β Catenin is usually regarded as a transcription factor that targets genes with a lymphoid enhancer factor response element, including cyclin D1 and Myc.17 Typically, nuclear accumulation of β catenin in non-endocrine carcinomas is recognised as a feature of malignancy.17 However, in these solid tumours, nuclear catenin accumulation is the result of a defect in protein degradation. The normal function of β catenin is as a membrane protein that can associate with N-cadherin (fig 1B); this form is mainly dephosphorylated.18 NCAM is constitutively associated with N-cadherin, ensuring the integrity of cadherin mediated adhesion through β catenin. Conacci-Sorrell et al recently reviewed the pleiotropic signalling and functional properties of β catenin.15 Indeed, uncoupling of cadherins from the cytoskeleton may be an essential aspect of neuroendocrine cell migration. Moreover, N-cadherin mediated neurite outgrowth depends on inactivation of N-cadherin mediated adhesion at pathway boundaries.19 The regulation of β catenin stability is a means of effecting such changes. Several tyrosine kinases, including members of the epidermal growth factor receptor20 and hepatocyte growth factor receptor families,21 also target β catenin. Suppressing the association of epidermal growth factor receptor with β catenin increases the association of β catenin with cadherin22 and inhibits invasive gastric cancer growth through enhanced cadherin mediated adhesion.23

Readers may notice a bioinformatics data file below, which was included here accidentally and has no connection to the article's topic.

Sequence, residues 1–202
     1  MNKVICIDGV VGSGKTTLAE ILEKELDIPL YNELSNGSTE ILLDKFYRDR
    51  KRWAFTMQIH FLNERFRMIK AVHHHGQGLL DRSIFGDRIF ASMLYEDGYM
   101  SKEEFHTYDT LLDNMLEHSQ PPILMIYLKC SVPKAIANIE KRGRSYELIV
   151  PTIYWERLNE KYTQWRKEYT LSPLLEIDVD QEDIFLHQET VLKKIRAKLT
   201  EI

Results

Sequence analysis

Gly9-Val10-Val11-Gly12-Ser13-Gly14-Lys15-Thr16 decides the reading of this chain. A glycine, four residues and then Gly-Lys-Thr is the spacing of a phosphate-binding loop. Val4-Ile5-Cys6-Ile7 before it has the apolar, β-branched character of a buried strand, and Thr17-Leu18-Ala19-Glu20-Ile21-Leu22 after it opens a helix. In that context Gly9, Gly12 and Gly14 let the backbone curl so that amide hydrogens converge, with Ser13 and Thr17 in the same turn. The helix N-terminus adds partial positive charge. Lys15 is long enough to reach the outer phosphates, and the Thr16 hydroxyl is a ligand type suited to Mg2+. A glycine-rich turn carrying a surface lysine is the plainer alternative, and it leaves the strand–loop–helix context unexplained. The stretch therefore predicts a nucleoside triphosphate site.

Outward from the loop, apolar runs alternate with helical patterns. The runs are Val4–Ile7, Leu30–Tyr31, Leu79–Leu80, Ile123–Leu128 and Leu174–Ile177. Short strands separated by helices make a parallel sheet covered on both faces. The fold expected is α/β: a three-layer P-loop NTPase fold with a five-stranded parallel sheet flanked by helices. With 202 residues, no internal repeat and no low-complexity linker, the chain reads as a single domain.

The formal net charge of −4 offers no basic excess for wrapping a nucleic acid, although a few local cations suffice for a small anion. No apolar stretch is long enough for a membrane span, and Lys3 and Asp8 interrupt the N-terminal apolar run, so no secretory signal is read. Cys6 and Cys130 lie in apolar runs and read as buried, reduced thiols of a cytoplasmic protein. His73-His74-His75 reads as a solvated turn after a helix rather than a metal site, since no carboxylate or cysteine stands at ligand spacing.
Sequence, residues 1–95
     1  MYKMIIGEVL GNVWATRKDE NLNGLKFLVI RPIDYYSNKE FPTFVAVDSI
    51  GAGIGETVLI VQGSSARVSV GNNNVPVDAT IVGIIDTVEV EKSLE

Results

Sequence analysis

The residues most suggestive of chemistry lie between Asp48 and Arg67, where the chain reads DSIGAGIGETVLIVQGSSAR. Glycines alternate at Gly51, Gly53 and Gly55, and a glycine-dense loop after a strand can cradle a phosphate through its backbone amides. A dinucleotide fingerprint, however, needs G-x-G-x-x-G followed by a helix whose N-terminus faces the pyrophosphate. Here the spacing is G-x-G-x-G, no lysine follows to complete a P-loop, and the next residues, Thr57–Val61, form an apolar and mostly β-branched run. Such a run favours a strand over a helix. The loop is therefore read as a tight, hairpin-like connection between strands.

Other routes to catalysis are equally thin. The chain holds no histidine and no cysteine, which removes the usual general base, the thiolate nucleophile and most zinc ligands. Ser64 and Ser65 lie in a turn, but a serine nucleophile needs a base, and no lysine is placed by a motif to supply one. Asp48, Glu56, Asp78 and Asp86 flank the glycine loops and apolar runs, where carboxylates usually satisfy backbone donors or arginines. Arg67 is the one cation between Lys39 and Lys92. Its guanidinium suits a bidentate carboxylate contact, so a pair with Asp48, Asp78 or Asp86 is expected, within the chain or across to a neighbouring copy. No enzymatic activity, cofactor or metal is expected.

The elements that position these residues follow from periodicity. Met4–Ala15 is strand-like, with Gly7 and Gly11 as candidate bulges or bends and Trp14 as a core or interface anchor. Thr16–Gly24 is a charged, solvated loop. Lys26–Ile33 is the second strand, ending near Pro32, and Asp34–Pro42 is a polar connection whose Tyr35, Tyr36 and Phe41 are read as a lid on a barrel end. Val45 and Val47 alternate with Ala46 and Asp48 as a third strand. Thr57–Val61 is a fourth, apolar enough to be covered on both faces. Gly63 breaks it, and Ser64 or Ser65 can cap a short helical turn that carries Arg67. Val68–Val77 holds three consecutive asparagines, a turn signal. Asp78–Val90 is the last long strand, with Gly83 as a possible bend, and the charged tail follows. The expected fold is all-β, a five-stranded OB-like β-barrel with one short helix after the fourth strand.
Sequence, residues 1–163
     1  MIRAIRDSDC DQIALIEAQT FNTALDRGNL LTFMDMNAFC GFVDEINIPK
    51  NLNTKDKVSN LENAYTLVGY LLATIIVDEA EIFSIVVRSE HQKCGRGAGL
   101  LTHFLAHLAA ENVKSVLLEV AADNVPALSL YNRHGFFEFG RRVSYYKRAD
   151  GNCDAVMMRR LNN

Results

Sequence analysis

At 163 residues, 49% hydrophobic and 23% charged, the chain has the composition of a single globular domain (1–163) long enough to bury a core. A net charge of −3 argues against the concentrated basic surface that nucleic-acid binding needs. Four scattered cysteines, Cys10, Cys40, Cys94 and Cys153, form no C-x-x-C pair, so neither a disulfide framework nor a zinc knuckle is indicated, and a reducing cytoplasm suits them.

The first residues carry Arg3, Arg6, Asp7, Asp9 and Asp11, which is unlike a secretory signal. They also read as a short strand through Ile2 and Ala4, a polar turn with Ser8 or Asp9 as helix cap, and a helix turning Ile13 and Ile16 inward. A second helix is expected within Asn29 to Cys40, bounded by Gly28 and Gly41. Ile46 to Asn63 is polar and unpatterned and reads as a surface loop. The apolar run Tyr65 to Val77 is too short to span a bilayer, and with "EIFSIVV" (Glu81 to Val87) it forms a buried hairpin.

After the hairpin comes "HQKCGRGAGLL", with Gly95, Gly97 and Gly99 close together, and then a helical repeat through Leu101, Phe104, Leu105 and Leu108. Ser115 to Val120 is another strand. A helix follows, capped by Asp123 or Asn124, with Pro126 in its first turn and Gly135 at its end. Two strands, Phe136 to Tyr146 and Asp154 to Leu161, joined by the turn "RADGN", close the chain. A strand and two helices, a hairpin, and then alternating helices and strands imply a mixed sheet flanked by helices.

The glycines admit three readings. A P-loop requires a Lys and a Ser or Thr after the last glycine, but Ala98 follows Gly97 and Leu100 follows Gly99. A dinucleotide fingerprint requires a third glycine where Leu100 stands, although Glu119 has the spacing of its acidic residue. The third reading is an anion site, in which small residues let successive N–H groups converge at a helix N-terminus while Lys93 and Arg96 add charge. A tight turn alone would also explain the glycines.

Integrins are a family of structurally related heterodimeric cell surface receptors involved in adhesion to molecules in the extracellular matrix, including collagen.24 Integrin receptors are expressed by many cell types, including those in the anterior pituitary,25 where they mediate a variety of processes such as cell–matrix and cell–cell adhesion, cell migration, growth, and differentiation.


The FGF family has 22 members (FGFs 1–14 and 16–23), each possessing a conserved 120 amino acid core domain.26 Many FGF ligands display high affinity interactions with multiple FGFRs, whereas some activate unique receptors or receptor isoforms.27 Most FGFs have mitogenic activity in a variety of systems. The proliferative capacity of an FGF is now recognised as a function of the FGFR(s) to which it binds and through which it signals.27


Four mammalian FGFR genes encode a complex family of transmembrane receptor tyrosine kinases.14 Each prototypic receptor is composed of three Ig-like extracellular domains, two of which are involved in ligand binding, a single transmembrane domain, a split tyrosine kinase, and a C-terminal tail with multiple autophosphorylation sites (fig 1C).14 Multiple forms of cell bound or secreted forms of FGFR1, FGFR2, and FGFR3 are generated by alternative splicing, transcription initiation, or exon switching.28,29 Alternative splicing results in a secretable first Ig-like domain and a separate membrane bound two Ig-like domain form (fig 1C).30 Soluble forms of the extracellular domain of FGFR1 may bind FGFs in blood.31 In FGFRs 1, 2, and 3, alternative RNA splicing of one of two exons results in two alternative forms of the second half of the third Ig-like domain; exon 8 encodes the IIIb form and exon 9 encodes the IIIc form of a transmembrane tyrosine kinase. Whereas FGFRs 1–3 are known to have several isoforms, traditionally FGFR4 was not thought to have multiple isoforms. The FGFR4 gene has 18 exons instead of the 19 exons found in the other FGFRs.32 The additional exon in other FGFRs is located between exons 8 and 9 of FGFR4 and, by alternative splicing, encodes the isoforms of the third Ig-like domain.


Pancreatic islet cell tumours: the role of NCAM